You wake and realize you are broken. Taking the arm that is limp with the hand that is not, you bring yourself to the sink. Sponging the arm soothes it slightly but pain aside, it is still icy, so you leave it on kitchen counter to thaw. Eventually there will be a puddle around that arm.
All around you are people with faces that are ordinary but frightening. There is a man with thick spectacles that seem to swallow his face, like the mouth of a hippopotamus stretching open to present teeth. He grins at you, crinkling his papery eyes. You wave, heart in your mouth.
The train is somewhere near the sprawling sea now. Your arm is thawed, and warm, slick with blood like a newborn. You find, in the coat on your lap, a chiffon scarf that is softly pink. As you tie it to your wet arm, you are on the platform, a cluster of trees forming a circle around you. The scarf sags a little from the soaked up fluid.
The trees form a thin canopy, allowing sunlight to seep through and coat your hair flax into gold. You sense something liquid warm at the center of your body. Then – you have grown taller, can now smell the leafiness of the canopy, can see now, up close, that the leaves are dancing against one another. At this height the light is harsher; you begin to perspire.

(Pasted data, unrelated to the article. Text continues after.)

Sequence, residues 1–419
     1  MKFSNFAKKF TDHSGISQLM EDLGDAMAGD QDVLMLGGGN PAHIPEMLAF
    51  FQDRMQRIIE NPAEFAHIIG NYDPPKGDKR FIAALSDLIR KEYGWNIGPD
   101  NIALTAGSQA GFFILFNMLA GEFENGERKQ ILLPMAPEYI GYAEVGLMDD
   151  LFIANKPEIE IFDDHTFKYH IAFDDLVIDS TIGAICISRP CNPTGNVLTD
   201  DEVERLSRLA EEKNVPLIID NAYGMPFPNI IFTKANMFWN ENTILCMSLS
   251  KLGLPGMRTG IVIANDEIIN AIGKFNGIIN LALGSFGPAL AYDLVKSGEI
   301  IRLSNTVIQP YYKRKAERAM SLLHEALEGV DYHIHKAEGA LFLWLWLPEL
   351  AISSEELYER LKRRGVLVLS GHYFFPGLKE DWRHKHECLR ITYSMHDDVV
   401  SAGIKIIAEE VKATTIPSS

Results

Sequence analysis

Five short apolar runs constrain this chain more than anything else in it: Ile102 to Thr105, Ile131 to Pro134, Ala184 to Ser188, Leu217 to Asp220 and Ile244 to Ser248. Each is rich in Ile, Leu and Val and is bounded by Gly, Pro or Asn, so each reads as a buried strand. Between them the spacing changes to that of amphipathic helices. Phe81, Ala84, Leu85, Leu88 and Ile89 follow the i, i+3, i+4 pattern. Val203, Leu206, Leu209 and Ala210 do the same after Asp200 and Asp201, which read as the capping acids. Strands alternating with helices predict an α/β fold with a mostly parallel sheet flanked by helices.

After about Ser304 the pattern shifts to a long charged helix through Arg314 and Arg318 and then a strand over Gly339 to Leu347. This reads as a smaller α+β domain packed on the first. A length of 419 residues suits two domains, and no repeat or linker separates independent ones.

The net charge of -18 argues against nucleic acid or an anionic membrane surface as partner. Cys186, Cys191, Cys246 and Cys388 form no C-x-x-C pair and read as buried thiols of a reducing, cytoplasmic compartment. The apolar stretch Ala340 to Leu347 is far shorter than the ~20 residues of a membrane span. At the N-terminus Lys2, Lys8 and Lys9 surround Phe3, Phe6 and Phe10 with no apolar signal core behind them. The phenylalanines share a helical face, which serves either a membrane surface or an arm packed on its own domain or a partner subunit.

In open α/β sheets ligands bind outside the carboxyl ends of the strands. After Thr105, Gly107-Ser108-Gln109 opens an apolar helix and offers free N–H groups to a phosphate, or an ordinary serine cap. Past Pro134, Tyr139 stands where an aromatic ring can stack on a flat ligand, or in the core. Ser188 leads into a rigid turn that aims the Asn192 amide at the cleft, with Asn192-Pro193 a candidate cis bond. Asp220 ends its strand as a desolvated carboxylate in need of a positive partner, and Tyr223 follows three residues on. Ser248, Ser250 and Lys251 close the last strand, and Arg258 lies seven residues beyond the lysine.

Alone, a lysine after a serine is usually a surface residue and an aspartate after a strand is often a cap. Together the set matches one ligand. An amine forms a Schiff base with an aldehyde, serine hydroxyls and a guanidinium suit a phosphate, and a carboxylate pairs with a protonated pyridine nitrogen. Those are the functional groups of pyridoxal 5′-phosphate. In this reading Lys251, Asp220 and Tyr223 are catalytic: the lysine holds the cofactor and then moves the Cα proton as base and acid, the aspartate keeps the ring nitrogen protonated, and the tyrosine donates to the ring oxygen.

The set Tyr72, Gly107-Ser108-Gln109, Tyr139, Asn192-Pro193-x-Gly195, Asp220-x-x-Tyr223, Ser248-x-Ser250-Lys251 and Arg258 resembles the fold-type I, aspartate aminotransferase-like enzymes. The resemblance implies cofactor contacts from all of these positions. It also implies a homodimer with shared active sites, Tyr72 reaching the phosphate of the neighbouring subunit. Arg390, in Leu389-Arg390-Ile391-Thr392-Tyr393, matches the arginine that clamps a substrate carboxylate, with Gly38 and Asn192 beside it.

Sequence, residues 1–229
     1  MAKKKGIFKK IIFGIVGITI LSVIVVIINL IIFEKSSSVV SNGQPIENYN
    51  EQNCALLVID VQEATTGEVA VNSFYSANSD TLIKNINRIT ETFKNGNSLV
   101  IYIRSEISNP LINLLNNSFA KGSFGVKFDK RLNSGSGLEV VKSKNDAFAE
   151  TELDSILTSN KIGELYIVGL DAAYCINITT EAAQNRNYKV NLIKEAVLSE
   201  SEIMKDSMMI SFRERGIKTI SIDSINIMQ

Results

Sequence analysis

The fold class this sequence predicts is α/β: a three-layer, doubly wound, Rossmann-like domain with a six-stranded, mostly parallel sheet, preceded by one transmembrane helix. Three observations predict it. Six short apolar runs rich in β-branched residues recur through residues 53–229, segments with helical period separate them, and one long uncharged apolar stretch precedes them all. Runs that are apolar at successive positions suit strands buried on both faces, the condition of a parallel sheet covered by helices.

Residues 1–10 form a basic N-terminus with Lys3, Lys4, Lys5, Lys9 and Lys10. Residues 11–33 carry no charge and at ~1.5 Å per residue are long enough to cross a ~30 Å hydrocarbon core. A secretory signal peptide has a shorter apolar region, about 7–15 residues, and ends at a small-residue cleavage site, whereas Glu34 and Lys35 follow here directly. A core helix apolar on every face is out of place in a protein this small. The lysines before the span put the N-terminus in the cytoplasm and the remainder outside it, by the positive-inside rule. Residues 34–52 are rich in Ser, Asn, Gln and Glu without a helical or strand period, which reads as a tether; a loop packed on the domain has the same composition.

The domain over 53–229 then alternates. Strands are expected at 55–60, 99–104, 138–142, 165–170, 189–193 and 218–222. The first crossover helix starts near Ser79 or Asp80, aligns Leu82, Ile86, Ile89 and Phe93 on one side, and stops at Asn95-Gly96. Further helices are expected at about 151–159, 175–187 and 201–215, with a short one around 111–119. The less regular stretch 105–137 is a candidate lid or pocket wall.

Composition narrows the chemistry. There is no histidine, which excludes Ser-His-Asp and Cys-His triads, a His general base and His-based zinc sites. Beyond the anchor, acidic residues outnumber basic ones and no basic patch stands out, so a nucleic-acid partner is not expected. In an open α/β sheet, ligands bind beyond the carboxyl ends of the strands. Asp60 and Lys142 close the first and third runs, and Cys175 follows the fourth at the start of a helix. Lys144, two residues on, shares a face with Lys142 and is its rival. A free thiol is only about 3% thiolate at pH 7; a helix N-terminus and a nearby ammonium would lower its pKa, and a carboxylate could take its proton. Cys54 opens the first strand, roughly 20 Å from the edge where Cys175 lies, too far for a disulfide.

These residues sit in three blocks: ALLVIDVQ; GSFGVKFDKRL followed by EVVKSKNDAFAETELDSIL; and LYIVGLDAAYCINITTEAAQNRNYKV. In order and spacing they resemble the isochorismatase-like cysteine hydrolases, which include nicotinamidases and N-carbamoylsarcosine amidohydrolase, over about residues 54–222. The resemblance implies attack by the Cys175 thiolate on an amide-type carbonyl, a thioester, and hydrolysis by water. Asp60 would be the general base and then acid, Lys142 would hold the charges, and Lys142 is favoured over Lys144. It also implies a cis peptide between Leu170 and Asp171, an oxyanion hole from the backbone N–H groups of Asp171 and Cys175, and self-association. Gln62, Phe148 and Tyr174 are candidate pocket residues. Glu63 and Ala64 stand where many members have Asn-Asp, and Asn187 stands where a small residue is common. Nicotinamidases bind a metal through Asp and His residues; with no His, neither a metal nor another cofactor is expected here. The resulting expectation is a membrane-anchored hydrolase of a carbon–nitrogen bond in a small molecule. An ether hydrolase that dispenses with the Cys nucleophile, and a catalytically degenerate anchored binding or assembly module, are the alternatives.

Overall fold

At the edge of the water now, you are naked except for the pink scarf still knotted at your arm, now a deeper colour because of the blood that has stained the scarf, and the sweat that has stained the blood. Water at your feet, kissing each toe like lovers. You breathe. Already waist-deep, the arm with the scarf held above your head, dry, fluttering like tails, swimming but keeping very, very still.